Construction sector faces severe contraction in Lebanon

The collapse will affect 3,000 engineering offices and subcontractors

  
Image used for illustrative purpose. Cranes at construction sites of Solidere, a Lebanese company responsible for the development and reconstruction of Beirut's city center, are seen in downtown Beirut July 10, 2012.

Image used for illustrative purpose. Cranes at construction sites of Solidere, a Lebanese company responsible for the development and reconstruction of Beirut's city center, are seen in downtown Beirut July 10, 2012.

REUTERS/Sharif Karim

BEIRUT: A prominent member of the Lebanese engineering and construction sector has warned of dire consequences if the industry collapses.

Maroun El-Helou, chairman of the Syndicate of Contractors of Public Works and Buildings, said: “The collapse, if it occurs, will directly affect 700 contracting companies, 300 consulting firms, and 15,000 engineers working in companies or as freelancers in the public and private sectors. The collapse will affect 3,000 engineering offices and subcontractors and more than 150,000 administrators, technicians, and workers, in addition to workers in all other construction-related jobs.”

El-Helou warned that a collapse could lead to “an exodus of skilled and specialized manpower as well as unemployment and starvation in Lebanon.”

The accumulated amount owed to contractors, engineers and consultants by the Lebanese government is approximately $600 million. El-Helou said: “The irregular payments, plus the lack of a clear roadmap for state action in light of the exceptional conditions that Lebanon is experiencing has put all projects in limbo. This will be directly reflected by the decline of environmental, health and living conditions. The investments and projects will be lost because of the government’s lack of seriousness in dealing with the burning issues.”

Most of the projects carried out by contractors under the Council for Development and Reconstruction are related to infrastructure such as roads and water.

El-Helou said, “There are 18 projects under construction and we demanded the cancellation of contracts for these projects. The projects are worth about $150 million and were funded locally. They were cancelled due to the failure to clear the bills which amounted to approximately $40 million for nearly two years. The Ministry of Finance did not transfer funds in 2018 and 2019. We proposed that the state pay half of the amount and complete the projects, but the Council for Development and Reconstruction suggested that cancelling contracts for incomplete projects was the worst possible solution, because it would result in the loss of money spent on the projects without achieving the desired goals.”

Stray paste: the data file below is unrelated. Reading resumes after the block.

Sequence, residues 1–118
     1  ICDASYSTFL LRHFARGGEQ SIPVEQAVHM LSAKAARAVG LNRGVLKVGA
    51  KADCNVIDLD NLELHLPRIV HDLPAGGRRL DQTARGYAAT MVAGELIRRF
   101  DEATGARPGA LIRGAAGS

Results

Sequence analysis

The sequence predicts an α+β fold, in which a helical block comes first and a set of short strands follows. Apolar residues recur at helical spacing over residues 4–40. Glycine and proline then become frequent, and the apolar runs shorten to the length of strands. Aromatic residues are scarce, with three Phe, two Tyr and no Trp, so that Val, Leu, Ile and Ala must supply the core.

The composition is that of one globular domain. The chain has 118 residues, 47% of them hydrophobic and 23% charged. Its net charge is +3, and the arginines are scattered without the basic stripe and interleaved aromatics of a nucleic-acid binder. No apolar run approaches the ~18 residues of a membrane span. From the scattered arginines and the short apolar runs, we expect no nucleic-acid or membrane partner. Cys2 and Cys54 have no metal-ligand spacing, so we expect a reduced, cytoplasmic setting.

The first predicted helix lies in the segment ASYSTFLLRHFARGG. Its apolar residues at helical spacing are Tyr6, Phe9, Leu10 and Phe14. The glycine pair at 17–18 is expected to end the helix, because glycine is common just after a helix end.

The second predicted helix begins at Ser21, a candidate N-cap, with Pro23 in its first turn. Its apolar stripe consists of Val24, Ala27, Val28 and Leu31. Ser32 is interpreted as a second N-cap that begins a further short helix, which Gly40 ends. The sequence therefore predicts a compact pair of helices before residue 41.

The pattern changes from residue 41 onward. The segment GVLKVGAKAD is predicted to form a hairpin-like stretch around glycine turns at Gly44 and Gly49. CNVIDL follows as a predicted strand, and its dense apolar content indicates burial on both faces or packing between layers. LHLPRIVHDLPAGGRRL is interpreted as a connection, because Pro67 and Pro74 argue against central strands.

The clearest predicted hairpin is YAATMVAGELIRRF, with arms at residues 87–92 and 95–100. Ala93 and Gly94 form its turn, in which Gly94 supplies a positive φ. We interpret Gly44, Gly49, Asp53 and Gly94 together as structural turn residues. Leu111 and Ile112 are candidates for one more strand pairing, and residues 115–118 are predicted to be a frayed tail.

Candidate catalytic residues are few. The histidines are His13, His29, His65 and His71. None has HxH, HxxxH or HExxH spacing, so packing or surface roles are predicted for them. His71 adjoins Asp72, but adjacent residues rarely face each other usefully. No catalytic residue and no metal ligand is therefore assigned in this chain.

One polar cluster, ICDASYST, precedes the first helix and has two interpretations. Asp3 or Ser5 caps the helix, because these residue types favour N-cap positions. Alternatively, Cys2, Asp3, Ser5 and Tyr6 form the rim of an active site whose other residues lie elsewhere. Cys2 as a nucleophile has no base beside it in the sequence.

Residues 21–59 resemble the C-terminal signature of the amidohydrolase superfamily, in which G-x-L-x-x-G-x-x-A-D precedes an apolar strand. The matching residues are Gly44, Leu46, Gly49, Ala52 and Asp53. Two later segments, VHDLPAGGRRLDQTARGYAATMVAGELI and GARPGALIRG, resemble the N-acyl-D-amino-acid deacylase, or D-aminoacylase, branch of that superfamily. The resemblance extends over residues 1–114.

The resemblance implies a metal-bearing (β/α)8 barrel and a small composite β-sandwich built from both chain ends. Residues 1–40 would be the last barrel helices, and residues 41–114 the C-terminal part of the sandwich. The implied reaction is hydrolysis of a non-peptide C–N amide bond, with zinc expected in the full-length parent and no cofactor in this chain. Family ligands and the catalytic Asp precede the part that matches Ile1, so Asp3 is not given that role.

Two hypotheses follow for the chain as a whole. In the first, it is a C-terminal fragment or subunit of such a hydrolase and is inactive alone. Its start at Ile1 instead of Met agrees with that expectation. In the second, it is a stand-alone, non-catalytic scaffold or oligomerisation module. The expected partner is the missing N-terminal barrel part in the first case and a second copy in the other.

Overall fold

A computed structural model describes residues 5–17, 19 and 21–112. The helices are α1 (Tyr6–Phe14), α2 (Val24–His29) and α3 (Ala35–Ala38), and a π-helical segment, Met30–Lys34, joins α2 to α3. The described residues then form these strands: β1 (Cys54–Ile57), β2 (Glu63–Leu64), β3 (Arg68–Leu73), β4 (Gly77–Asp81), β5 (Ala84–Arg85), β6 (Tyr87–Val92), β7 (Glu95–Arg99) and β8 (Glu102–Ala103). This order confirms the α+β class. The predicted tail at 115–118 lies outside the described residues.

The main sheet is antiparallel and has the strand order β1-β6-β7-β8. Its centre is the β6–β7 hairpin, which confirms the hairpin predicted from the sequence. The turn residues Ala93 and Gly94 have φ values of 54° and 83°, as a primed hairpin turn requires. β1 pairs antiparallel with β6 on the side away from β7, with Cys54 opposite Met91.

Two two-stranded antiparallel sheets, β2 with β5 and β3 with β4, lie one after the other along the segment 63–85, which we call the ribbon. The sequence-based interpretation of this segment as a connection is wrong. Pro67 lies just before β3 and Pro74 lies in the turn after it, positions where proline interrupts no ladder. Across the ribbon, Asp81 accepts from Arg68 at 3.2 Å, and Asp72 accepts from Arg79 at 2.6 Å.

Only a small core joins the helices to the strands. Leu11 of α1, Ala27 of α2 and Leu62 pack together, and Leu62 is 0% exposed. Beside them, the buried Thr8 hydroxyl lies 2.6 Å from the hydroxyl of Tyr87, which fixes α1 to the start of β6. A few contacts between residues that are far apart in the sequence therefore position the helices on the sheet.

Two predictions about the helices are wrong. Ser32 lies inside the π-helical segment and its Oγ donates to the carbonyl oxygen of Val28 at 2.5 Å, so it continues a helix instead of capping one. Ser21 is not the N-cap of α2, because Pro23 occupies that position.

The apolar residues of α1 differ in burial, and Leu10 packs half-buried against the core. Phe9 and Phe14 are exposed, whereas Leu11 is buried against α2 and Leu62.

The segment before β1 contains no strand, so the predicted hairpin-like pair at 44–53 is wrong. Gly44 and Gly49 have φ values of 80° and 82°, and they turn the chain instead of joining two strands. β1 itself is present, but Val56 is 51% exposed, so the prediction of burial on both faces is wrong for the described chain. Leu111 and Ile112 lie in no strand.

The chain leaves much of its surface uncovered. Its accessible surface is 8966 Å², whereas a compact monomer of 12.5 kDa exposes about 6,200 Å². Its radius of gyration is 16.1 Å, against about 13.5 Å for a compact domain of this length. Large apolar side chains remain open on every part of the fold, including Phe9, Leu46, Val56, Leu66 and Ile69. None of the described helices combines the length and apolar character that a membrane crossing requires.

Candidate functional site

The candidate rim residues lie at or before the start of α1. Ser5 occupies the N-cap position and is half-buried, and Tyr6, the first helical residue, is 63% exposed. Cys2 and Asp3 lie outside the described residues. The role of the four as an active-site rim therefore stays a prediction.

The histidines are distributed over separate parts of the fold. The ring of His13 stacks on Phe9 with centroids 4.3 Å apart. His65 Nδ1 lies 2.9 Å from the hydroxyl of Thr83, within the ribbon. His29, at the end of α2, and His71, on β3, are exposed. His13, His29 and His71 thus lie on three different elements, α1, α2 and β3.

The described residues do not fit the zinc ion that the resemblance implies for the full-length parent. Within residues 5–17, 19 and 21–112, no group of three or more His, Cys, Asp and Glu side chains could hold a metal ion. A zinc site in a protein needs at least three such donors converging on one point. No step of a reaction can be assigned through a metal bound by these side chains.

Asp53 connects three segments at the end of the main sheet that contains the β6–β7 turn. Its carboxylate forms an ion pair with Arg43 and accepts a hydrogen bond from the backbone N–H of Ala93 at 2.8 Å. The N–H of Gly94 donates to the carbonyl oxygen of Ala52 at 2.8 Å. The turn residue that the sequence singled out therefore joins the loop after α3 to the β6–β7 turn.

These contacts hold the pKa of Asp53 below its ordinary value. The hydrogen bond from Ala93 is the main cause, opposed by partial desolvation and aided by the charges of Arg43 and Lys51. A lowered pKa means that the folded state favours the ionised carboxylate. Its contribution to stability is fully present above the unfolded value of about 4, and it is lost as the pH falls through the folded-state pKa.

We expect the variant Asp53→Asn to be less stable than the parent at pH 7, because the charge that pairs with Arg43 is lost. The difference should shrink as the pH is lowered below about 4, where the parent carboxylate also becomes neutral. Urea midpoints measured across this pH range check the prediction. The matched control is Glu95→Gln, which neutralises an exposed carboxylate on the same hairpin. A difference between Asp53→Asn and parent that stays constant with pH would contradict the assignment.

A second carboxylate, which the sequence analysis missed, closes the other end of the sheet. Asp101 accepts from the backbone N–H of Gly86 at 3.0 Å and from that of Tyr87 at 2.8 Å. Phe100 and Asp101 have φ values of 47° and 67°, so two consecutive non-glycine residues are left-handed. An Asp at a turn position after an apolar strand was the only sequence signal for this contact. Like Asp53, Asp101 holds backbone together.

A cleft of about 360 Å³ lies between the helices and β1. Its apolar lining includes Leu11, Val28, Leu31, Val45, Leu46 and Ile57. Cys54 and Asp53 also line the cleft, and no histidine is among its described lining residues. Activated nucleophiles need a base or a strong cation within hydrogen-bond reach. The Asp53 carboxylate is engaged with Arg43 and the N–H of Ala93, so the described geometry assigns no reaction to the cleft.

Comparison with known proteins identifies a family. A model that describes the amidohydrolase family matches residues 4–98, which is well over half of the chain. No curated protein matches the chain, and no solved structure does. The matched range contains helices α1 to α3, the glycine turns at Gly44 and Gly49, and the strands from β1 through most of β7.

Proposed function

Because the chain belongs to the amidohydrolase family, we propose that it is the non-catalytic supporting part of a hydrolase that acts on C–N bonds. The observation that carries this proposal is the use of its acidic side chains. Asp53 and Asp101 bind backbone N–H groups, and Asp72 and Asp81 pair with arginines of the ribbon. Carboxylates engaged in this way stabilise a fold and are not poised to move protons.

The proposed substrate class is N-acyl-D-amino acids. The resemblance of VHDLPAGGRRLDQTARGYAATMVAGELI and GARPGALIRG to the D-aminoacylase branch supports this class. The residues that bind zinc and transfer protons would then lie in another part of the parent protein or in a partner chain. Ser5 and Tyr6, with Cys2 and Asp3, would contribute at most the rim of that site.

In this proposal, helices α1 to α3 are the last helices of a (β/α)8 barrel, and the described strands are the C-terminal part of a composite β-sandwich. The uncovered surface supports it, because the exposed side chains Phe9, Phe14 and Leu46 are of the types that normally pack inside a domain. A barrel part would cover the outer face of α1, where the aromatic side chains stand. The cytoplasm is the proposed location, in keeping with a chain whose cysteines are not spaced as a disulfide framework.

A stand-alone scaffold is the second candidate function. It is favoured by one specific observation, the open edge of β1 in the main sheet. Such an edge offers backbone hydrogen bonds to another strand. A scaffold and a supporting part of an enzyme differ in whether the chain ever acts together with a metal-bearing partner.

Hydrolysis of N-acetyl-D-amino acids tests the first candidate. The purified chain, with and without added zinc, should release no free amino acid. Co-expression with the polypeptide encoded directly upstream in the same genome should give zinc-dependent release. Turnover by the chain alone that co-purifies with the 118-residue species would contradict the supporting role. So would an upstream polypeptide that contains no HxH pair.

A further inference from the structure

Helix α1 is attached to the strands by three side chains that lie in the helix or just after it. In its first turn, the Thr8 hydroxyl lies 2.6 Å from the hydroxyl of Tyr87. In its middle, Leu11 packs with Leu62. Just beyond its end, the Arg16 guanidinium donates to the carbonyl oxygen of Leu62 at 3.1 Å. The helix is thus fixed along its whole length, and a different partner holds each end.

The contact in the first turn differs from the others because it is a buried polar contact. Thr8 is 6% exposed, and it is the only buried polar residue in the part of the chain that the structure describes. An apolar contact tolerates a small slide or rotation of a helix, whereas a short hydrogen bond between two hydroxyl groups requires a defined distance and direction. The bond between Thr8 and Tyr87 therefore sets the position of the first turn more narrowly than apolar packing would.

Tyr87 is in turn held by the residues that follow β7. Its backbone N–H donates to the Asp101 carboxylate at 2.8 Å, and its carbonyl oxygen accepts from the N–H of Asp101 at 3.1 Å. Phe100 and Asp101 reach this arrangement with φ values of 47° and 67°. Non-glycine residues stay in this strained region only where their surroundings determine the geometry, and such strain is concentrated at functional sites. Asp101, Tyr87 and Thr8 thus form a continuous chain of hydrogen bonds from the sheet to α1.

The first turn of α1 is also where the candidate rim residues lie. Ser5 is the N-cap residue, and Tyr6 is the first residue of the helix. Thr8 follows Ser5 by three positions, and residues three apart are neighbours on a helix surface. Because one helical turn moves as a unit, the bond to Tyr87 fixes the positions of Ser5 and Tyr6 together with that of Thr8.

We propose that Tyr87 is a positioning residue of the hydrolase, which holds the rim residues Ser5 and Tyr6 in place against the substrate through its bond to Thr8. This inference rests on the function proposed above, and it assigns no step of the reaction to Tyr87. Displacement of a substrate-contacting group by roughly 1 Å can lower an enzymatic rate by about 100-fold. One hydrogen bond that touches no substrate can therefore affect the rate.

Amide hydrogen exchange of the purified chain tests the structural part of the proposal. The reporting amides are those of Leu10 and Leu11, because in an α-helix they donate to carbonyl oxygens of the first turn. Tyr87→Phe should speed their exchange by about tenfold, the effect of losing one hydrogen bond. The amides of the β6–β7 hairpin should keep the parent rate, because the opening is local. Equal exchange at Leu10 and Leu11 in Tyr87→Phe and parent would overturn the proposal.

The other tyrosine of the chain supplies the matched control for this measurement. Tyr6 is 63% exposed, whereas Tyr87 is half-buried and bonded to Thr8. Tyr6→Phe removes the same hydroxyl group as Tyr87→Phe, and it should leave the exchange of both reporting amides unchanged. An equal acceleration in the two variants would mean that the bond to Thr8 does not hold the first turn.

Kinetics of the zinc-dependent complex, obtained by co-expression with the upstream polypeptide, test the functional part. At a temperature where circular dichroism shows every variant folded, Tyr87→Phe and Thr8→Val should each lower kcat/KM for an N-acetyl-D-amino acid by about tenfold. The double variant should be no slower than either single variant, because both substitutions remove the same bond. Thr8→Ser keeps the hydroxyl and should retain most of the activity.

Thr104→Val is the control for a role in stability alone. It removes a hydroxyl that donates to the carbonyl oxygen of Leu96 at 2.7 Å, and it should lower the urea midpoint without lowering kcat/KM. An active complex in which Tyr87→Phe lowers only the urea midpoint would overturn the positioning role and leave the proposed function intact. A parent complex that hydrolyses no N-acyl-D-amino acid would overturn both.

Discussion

He added: “There are projects that the government must pay for in dollars, but the payment is very late and is made in Lebanese pounds according to the official exchange rate of LBP1,507 (to the dollar). This led to the suspension of work, increased losses, and (led to) a rise in the dismissal of engineers and workers.”

The projects suffered a financial setback more than two years ago because of irregular payments by the Ministry of Finance. “The major catastrophe that most affected the entire engineering sector was the actions of banks in terms of imposing restrictions on the movement of funds for withdrawal or transfer,” El-Helou said.

“Today the dollar exchange rate has led to an increase in the high price of materials, the scarcity of materials and the inability to import them. That has in turn led to the suspension of work in most projects and dismissing engineers, employees, and workers by more than 50 percent.”

As for projects to which the state contributes 25 percent of financing, and to which international institutions such as the World Bank, plus Arab and foreign funds contribute 75 percent, the Ministry of Finance “does not pay its share, which makes projects faltering, slow, and in danger of being stopped,” according to El-Helou.

The Syndicate of Contractors of Public Works and Buildings has asked officials for solutions to the issues they face. Contractors became angry when Lebanon’s financial public prosecutor summoned 30 contractors and engineers a week ago to investigate media reports and information on social media regarding suspicious deals.

“We want accountability and transparency,” El-Helou said, “and if fraud occurs, we will not protect anyone but we will appear before the competent judiciary and the Audit Bureau. The method of summoning without any documented information that warrants an investigation is unacceptable. Such action is not based on the professionalism and merit that the Lebanese judiciary has always enjoyed.”

He added: “Targeting and defaming the sector without hard evidence is tantamount to demolishing the most important pillars of the national economy. It also weakens some 70 professions directly related to the work of engineers and contractors at a time when we are in dire need of reversing the faltering and traumatic economic cycle which underlies our political, financial and monetary problems.”

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